To say that Shaquille O'Neal used to be Dwight Howard would be a gross underestimate. Howard on his best day was never even half as good as Shaq. It took Dwight Howard seven years of growth to get where he is now: a physical beast and MVP-runner-up who averaged 22.9 points per game last year along with 14.1 rebounds and 2.4 blocks. Now compare that to Shaqulle O'Neal's first season in the NBA, way back in 1992 when he played for the Orlando Magic: 23.4 points, 13.4 rebounds, 3.5 blocks per game.
Assessing it from a purely fantasy perspective, all you need to know about Shaq is that as good and dominating as Dwight Howard is now, Shaquille O'Neal was better than him from the crib.
Considering the age in which Wilt Chamberlain racked up his points and how far the game has since evolved, it's hard not to declare O'Neal the most dominating bigman of all time. He racked up ten consecutive seasons with at least 26 points per game, something only he, Michael Jordan and Allen Iverson have done over the past 30 years. He changed the fabric of the game, and was so dominating during the 2000 playoffs that on two different occasions his opponents spent the entire fourth quarter doing nothing but fouling him. He shot 27 free-throws in Game 1 of the Western Conference Finals against Portland, and a record-breaking 39 free-throws against the Pacers in Game 2 of the finals. Teams would use so many fouls on him that they'd bring previously-unrecognizable bigs off the bench to do nothing but hack him -- or play defense against him, incase the regular center fouled out, which happened a lot.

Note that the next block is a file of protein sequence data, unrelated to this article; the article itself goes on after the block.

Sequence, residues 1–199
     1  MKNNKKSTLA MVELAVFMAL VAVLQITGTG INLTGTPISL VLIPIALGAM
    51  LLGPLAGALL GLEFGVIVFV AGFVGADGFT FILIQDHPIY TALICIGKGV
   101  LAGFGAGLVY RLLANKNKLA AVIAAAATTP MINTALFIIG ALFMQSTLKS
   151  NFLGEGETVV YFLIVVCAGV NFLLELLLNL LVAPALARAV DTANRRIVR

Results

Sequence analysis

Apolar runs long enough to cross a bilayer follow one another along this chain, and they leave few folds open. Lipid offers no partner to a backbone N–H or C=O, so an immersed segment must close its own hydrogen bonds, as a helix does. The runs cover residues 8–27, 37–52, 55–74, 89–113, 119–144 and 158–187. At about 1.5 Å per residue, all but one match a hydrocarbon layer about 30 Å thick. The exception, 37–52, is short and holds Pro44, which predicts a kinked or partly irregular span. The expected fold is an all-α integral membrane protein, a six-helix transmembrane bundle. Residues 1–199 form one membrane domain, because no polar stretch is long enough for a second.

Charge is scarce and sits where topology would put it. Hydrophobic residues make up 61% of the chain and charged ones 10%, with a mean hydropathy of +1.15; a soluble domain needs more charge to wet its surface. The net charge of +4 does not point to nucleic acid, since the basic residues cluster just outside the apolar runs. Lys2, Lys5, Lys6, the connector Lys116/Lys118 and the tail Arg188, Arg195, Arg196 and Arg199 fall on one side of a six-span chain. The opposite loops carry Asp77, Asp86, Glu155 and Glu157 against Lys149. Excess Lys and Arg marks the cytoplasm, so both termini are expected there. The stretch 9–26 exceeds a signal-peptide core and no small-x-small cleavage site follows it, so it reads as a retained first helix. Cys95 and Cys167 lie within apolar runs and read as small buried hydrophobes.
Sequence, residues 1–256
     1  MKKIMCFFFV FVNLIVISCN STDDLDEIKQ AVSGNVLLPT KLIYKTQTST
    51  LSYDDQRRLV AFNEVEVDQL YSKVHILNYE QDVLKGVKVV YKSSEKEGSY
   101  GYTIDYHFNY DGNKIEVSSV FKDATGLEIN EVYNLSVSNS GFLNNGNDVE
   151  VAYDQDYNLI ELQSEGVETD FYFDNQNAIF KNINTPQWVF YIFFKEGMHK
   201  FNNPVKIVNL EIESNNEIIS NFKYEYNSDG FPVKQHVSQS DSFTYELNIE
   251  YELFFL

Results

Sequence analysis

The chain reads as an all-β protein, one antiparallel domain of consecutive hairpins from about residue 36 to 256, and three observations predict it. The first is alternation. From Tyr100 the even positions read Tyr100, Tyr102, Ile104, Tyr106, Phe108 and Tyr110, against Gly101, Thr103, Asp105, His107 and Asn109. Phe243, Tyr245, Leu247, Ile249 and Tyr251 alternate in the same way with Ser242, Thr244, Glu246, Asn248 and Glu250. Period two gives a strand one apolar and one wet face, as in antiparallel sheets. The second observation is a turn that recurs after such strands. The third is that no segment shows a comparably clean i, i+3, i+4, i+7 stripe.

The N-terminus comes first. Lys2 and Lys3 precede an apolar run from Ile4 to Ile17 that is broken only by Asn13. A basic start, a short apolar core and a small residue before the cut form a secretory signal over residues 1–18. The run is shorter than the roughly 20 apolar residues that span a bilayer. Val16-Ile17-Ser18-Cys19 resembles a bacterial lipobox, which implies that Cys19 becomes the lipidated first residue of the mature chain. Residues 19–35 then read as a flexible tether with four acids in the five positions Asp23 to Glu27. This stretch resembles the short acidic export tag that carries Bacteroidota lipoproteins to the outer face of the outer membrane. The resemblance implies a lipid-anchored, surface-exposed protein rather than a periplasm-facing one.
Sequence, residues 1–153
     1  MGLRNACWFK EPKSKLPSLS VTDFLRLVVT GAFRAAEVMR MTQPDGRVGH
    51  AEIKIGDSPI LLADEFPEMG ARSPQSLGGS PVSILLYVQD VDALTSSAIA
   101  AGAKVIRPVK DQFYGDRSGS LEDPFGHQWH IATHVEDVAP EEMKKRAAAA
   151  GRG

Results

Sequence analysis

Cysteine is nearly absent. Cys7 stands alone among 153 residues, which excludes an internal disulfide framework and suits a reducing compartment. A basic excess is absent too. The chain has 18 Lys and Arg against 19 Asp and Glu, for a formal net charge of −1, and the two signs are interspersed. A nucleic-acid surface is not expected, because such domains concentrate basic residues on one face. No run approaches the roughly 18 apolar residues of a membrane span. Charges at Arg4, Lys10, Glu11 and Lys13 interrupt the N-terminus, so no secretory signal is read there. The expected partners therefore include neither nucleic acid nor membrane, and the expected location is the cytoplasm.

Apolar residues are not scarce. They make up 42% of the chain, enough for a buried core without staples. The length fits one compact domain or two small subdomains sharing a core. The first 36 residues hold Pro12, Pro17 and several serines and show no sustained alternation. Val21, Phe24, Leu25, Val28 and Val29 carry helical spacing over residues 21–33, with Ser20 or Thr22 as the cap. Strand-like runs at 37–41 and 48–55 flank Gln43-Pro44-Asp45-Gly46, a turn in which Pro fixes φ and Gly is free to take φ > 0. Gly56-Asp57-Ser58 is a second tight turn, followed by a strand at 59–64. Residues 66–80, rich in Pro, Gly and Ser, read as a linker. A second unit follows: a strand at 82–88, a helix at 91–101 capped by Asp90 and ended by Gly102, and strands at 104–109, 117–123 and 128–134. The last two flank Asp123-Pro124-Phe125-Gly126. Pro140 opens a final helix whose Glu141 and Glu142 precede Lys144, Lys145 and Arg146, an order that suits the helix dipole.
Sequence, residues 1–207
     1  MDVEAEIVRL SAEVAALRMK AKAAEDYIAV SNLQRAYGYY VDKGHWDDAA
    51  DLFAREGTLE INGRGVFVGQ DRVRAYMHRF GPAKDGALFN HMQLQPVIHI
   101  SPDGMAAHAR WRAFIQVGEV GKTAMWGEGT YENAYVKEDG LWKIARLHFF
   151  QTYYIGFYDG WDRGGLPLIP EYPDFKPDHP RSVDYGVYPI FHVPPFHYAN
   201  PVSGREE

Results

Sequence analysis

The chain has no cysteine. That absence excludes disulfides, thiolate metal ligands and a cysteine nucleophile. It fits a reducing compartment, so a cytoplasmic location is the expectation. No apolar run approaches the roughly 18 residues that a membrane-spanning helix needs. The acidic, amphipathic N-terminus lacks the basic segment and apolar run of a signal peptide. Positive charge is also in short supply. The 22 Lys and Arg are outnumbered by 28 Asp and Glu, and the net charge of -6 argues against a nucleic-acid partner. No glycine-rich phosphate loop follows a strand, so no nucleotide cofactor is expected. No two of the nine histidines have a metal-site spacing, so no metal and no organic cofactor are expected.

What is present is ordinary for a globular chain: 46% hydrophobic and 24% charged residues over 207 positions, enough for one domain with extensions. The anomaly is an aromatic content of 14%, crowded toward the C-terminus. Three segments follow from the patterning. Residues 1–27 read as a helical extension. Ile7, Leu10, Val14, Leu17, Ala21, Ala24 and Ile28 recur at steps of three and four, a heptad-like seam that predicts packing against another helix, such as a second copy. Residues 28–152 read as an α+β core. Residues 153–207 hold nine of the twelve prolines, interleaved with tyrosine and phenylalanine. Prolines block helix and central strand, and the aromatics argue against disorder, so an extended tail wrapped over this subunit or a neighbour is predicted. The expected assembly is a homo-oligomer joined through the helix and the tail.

He deserved to go out with his dominance fresh in everyone's mind, so that we wouldn't have to remind ourselves how great he used to be. Which is why it was such a shame for him to go out the way he did. Rather than remaining in L.A., O'Neal hopped from team to team in his final years, from Miami to Phoenix to Cleveland to Boston. He rapidly descended into role player territory, with his old knees eliminating his ability to back defenders down and forcing him into becoming a jump-hook specialist. He seemed incapable of staying healthy, with the story always being that something would happen to him in the spring, causing him to miss half the season, but that he'd be back by the playoffs. Except that wasn't the case this year, his first and hopefully only one in Boston. In between injuries, he managed only a pair of postseason appearances in a green Celtics uniform, producing merely 2 points and 4 fouls in a combined 12 minutes of action.
Even worse, he became irrelevant to fantasy owners. Here we had one of the five best centers of all time, one of the top ten scorers in league history, and suddenly he was no longer useful. This was one of the greatest players ever, a guy you would dream of building your fantasy team around, and yet he was less valuable than Darko Milicic and Nicolas Batum and Marco Belinelli last year. Fantasy owners would see him on the waiver wire, consider picking him up and literally have to tell themselves, "No, he sucks now." What an awful way to go out. No one that good should ever have to be marginalized in the eyes of sports fans.